GEORGE TOWN: Environmental-based non-governmental organisations (NGO) are adamant that the proposed Penang South Reclamation (PSR) project should not be implemented in the state.

They claimed the reclamation project would indeed have negative effect on the environment, and also affect the livelihood of the fishing communities near the project site.

As such, they lauded Prime Minister Datuk Seri Najib Razak’s assurance that the project would not be approved if it was not environmentally friendly and if it had negative impact on the people.

Sahabat Alam Malaysia (SAM) said it was never in favour of the proposed 1,821ha reclamation project near Permatang Damar Laut.

Its president S.M. Mohamed Idris stressed that the project would indeed have negative effect on the environment and also the fishing communities near the project site.

Referring to the Environmental Impact Assessment (EIA) report, Idris said it concurred that there would be an impact on the ocean food chain and the fishing industry due to total loss of mudflats.

“Loss of coastal habitat due to this proposed reclamation project is a major environmental blow,” he told the New Straits Times today.

His statement came in the wake of Najib’s announcement on the matter during a visit to Balik Pulau on Saturday.

Najib had also said that the reclamation project should be environmentally friendly and other alternatives which could save the people’s money should be considered first.

Meanwhile, Malaysian Nature Society Penang branch advisor D. Kanda Kumar, who echoed the same sentiment, stressed that there was no need for the reclamation to fund the state government’s highly-ambitious multi-billion Penang Transport Master Plan (PTMP).

Kanda said that the Penang government should look into cheaper alternatives for the proposed railway system for the PTMP.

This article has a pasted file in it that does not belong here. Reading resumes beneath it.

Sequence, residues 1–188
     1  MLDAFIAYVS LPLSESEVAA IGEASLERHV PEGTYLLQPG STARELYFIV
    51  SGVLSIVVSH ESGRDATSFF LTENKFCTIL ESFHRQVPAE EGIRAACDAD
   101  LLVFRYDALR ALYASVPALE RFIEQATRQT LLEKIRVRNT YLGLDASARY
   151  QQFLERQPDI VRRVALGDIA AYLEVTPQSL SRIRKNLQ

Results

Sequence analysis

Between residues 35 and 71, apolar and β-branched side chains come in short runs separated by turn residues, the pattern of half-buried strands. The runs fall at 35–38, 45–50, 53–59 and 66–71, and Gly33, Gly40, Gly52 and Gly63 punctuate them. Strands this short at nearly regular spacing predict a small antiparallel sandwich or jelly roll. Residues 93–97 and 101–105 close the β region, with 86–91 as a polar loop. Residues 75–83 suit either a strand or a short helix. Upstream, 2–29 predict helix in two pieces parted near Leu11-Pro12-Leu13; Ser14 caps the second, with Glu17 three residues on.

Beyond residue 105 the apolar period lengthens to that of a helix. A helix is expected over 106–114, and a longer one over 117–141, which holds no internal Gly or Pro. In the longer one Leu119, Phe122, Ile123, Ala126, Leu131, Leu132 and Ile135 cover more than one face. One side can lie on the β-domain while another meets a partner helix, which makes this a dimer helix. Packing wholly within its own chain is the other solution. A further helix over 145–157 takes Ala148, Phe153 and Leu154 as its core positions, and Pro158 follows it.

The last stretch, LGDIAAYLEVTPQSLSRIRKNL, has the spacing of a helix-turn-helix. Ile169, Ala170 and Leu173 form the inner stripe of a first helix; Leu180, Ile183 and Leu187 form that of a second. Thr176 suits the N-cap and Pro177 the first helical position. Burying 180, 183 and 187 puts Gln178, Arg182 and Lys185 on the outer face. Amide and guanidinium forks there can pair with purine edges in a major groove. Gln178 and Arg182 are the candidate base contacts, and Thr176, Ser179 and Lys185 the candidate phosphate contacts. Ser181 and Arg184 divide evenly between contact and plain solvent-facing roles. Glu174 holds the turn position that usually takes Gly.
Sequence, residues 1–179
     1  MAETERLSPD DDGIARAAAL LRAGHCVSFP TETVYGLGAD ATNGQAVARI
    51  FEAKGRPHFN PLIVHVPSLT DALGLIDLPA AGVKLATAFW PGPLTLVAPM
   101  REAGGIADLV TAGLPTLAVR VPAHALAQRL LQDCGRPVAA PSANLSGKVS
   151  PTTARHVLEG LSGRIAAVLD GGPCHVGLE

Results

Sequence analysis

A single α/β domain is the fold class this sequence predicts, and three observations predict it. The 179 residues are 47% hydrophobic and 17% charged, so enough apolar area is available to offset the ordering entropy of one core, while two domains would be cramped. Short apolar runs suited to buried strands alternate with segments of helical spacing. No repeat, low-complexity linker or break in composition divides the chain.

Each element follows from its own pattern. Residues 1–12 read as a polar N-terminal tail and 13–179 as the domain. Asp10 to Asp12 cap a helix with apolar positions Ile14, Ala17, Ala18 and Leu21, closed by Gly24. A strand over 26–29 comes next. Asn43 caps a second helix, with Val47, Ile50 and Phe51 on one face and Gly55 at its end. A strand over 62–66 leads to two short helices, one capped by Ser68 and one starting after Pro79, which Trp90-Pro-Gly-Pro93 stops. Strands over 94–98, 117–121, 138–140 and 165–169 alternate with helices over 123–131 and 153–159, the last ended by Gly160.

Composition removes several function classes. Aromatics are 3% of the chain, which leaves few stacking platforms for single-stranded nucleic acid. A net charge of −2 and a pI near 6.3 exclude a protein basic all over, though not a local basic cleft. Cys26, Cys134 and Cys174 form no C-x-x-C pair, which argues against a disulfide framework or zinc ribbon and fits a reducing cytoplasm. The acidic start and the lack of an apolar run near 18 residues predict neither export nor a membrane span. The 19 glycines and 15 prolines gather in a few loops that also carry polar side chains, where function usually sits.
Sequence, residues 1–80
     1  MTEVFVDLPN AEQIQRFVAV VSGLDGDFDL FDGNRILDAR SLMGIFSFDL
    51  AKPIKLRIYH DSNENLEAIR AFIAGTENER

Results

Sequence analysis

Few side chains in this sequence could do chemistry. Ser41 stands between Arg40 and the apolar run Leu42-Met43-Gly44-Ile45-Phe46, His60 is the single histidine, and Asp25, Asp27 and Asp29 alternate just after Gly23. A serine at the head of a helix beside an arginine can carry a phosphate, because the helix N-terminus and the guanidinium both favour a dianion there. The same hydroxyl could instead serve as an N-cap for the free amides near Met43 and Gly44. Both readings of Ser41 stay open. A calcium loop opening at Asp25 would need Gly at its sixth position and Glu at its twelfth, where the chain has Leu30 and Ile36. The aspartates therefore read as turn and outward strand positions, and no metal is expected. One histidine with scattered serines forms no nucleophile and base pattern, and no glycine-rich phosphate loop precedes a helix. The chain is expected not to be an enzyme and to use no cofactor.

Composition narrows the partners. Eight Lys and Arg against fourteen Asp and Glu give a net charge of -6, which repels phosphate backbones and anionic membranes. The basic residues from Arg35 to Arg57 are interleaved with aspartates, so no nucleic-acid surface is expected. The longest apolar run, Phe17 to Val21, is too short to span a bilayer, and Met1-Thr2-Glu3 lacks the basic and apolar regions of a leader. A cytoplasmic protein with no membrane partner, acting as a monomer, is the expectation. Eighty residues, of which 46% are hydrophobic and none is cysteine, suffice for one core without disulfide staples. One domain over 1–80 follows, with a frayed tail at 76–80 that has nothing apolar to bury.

He said that many developed countries were moving to on-ground railway systems as it was cheaper in terms of construction and maintenance, hence the state government should follow suit as well.

“The state government had proposed for an elevated railway, for a major part of the rail system. This itself is expensive as they need to build special terminals.

“In comparison, they should go with on-ground railway system. Russia, for example, is implementing this too. Easily accessible for the people and also as fast as the elevated ones,” he told the NST when contacted.

Kanda stressed that the requirements laid-out by Najib were not a straight ‘no’ to the reclamation as the state government could go ahead with the project if it fulfilled the requirements.

The RM46 billion PTMP project was proposed to reduce traffic congestion. It included light rail transit (LRT), mass rapid transit (MRT) and several highways.

The overall project would take 50 years to be completeed.

Kanda said that the PTMP could be irrelevant at that time, considering the current advancement of transportation technologies.

“We are seeing automated cars…there might be far better transport system by the time the whole PTMP is implemented,” he said.

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